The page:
Peripheral artery disease
Peripheral arterial disease (PAD) is highly prevalent in the ageing population and has a clinical spectrum from asymptomatic through quality of life (Qol) limiting intermittent claudication (IC) to critical limb ischemia (CLI) with a potential loss of the affected limb. In patients with IC we aim to optimize personalized medicine and non-invasive treatment modalities, develop shared decision making, and expand our expertise in health related Qol. In patients with CLI we aim to differentiate between those who need an intervention, and those who might fare well with conservative management by means of CT perfusion angiography and translational research.
Ongoing research lines within Athersclerosis & Ischemic Syndromes
PI’s and staff members of the Athersclerosis & Ischemic Syndromes Research program were invited to give a short pitch about their research, funding and future plans for the coming years. This resulted in this overview and the two figures presented below.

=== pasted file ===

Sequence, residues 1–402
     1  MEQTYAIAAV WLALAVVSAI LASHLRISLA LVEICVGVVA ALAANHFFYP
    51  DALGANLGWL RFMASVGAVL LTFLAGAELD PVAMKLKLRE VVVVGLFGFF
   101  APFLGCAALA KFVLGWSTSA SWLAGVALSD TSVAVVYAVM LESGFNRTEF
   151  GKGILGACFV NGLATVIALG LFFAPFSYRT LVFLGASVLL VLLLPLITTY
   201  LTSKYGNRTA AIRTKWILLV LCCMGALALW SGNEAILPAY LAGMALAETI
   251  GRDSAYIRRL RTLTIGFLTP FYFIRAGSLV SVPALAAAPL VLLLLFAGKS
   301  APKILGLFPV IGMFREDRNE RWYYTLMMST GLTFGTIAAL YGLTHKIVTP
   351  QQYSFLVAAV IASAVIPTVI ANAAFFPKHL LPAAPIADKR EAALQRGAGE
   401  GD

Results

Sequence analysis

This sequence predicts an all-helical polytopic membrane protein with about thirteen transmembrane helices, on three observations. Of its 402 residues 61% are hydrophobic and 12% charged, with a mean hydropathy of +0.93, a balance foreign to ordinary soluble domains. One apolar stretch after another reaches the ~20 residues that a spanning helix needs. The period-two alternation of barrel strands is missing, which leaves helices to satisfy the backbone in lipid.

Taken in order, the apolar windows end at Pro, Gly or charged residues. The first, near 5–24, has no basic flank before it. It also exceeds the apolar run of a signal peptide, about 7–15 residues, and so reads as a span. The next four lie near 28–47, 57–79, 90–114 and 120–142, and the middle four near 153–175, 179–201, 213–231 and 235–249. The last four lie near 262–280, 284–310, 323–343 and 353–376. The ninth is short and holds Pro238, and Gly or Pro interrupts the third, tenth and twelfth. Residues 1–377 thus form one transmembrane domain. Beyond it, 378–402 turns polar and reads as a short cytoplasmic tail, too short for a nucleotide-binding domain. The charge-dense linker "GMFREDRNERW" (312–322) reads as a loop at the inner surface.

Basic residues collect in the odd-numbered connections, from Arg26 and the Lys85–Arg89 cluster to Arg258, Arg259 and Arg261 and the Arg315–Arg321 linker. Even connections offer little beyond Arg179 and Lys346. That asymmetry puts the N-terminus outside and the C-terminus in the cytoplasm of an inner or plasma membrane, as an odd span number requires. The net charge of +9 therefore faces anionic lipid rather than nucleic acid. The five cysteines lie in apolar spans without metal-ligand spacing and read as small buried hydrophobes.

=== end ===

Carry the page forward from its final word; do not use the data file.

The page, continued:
|Carlie de Vries||AMC||Medical Biochemistry||Dia|
|Marco Götte/Cor Allaart||VUmc||Cardiology||Dia|
|Paul Krijnen/Hans Niessen||VUmc||Pathology||Dia|
|Esther Lutgens||AMC||Medical Biochemistry||Dia|
|Bert-Jan van de Born||AMC||Vascular Medicine||Dia|
|Jan Van den Bossche||VUmc||Molecular Cell Biology and Immunology||Dia|
|Vivian de Waard||AMC||Medical Biochemistry||Dia|
|Menno de Winther||AMC||Medical Biochemistry||Dia|
|Jeffrey Kroon||AMC||Vascular Medicine||Dia|
Figure 1. Overview of Principal Investigators within the Athersclerosis & Ischemic Syndromes Research Program. Click on 'Dia' for more information about this research line.
Figure 2. Overview of collaboration within the Athersclerosis & Ischemic Syndromes Research Program and between Principal Investigators of Athersclerosis & Ischemic Syndromes and other ACS Research Programs. Lines represent ongoing collaboration between Athersclerosis & Ischemic Syndromes Principal Investigators. Asterisks indicate program leaders: Esther Lutgens, Bert-Jan van den Born and Paul Knaapen.